The one or more monomers are contacted with a gaseous or liquid stream of a nitrogen-containing compound selected from the group consisting of ammonia, ammonium hydroxide, primary amines and combinations thereof. Suitable primary amines include, for example, alkylamines and hydroxyalkylamines such as ethylamine, propylamine, butylamine, and the like, ethanolamine, propanolamine, and the like. Preferably, the one or more monomers are contacted with a gaseous or liquid stream of ammonia. The gaseous or liquid stream of the nitrogen containing compound is preferably used at a level which provides a molar ratio of the nitrogen containing compound to monomer of about 0.8-3:1, preferably from about 0.9-1.5:1 and most preferably about 1:1.

The one or more monomers and the nitrogen-containing compound are contacted, and are optionally contacted with a fluidizing agent. The fluidizing agent may be a component of one or more monomer streams, or it may be a component of the nitrogen-containing compound stream, or it may be a separate stream. Preferably, the fluidizing agent is a separate stream or is a component of the nitrogen-containing compound stream. Preferred fluidizing agents will function as a solvent, diluent, or suspending agent for the reaction mixture. By acting as a solvent, diluent or suspending agent, the fluidizing agent may serve to: increase the flowability of the reaction mixture as the reaction mixture proceeds through the reactor; increase the rate Of heat transfer between the reaction mixture and the surfaces of the reactor; increase the mixing efficiency of the reaction mixture as the reaction mixture proceeds through the reactor; make the product easier to handle.

Preferred fluidizing agents include, for example, water, poly(alkylene glycols), poly(alkylene oxides), surfactants and other high-boiling organic materials such as tetrahydronaphthalene, N-methylpyrrolidinone, sulfolane, dimethyl sulfoxide, and dimethylformamide. Most preferably, the fluidizing agent is water. When water is used as the fluidizing agent, it is preferably used at a level which provides a molar ratio of water to monomer of up to about 3:1, more preferably about 0.5-2:1, and most preferably about 0.75-1.3:1.

The one or more monomers, the nitrogen-containing compound, and optionally, the fluidizing agent are preferably contacted at a temperature of from about 55 C. to about 150 C. to provide the reaction mixture. The preferred temperature of the components upon contact may depend upon the heat transfer properties of the reactor. For example, if heat is being removed from the reaction mixture during the course of the reaction, it may be desirable to lower the temperature of the components upon contact. These components are preferably contacted by impinging streams of each of the components, or by introducing streams of each of the components into a device capable of mixing the components together. A suitable means for effectuating impinging streams is by forcing the separate streams of the components through ports, or nozzles so that the components contact each other at a distance from the pods or nozzles. The ports or nozzles are preferably positioned so that the exiting streams impinge in the reactor, or in or near the entrance to, the reactor. It is also preferable that there be a means of preventing the pods or nozzles from becoming clogged or blocked. Suitable means for preventing the pods or nozzles from becoming clogged or blocked, might be by intermittent plunging of the bore, or intermittent or continuous wiping of the tip.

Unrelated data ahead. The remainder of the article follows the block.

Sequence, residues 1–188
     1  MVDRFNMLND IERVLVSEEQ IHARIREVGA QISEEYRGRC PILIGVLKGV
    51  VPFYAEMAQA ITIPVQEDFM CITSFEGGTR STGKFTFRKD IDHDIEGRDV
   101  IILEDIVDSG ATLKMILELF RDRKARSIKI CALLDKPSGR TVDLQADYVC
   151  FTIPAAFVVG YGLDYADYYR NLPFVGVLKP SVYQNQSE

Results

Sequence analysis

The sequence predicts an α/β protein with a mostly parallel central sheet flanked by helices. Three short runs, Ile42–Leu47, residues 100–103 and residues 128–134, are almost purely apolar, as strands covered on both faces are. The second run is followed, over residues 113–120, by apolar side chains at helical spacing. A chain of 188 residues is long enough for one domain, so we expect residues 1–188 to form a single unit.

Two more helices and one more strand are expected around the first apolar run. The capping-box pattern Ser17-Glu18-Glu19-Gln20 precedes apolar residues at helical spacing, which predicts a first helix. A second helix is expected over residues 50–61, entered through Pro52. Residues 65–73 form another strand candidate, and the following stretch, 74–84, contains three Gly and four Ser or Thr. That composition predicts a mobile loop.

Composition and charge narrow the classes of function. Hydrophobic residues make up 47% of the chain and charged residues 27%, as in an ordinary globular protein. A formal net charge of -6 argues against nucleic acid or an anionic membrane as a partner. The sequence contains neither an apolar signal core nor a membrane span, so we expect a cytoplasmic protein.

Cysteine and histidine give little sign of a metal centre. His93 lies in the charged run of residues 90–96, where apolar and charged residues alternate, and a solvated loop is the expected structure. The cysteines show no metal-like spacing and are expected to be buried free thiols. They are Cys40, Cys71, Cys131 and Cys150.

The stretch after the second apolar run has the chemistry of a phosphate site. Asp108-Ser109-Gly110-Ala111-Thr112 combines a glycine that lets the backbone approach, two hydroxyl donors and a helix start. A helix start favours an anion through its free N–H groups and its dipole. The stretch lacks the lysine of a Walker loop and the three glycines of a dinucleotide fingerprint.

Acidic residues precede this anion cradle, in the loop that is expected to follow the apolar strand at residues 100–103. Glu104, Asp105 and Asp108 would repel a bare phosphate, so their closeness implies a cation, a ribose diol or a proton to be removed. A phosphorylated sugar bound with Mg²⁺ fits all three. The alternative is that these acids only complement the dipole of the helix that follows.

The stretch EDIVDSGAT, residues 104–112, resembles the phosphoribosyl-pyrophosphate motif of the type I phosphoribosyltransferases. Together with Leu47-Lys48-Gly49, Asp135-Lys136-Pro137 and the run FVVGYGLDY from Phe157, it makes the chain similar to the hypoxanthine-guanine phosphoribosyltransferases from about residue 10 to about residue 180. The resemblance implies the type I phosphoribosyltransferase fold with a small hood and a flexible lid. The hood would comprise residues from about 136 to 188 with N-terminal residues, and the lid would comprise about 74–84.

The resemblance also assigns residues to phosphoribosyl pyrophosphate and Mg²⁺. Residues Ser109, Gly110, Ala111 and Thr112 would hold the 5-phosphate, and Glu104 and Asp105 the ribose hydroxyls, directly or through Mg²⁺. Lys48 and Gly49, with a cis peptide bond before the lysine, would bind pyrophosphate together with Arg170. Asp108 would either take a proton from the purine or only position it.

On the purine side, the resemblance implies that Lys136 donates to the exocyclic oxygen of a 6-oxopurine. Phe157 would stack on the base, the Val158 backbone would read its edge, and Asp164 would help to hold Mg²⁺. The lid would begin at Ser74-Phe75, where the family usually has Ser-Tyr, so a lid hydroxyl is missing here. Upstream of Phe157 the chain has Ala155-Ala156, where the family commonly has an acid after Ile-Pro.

After the reaction mixture is formed by contacting the one or more monomers, the ammonia or primary amine, and optionally, the fluidizing agent, the reaction mixture is continuously conveyed through the reactor. Suitable reactors are capable of maintaining the reaction mixture at a temperature of from about 100 C. to about 300 C., preferably from about 110 C. to about 280 C., and providing a residence time of from about 1 second to about 4 hours, preferably from about 5 seconds to about 2 hours. Examples of suitable reactors are single or multiple screw extruders, plug-flow reactors, tube reactors, scraped-wall reactors or heat exchangers, or other continuous reactors, and combinations thereof. Preferred reactors are extruders and tube reactors equipped with static mixing elements.

The reaction which occurs between the one or more monomers and the nitrogen-containing compound may be exothermic, such as, for example,the reaction which occurs between maleic anhydride and ammonia. Thus, it is possible to utilize this liberated heat to maintain the reaction mixture at an elevated temperature. This would reduce, or eliminate, the demand of external heat needed to maintain the reaction mixture at a temperature of from 100 C. to about 300 C. If the temperature is too low, it may be difficult to conduct the reaction to completion. If the temperature is too high, some decomposition of the polymer product may be observed. If the exotherm is too strong, it may be necessary to remove heat from the reactor during the reaction in order to maintain the reaction mixture at a temperature of from 100 C. to about 300 C.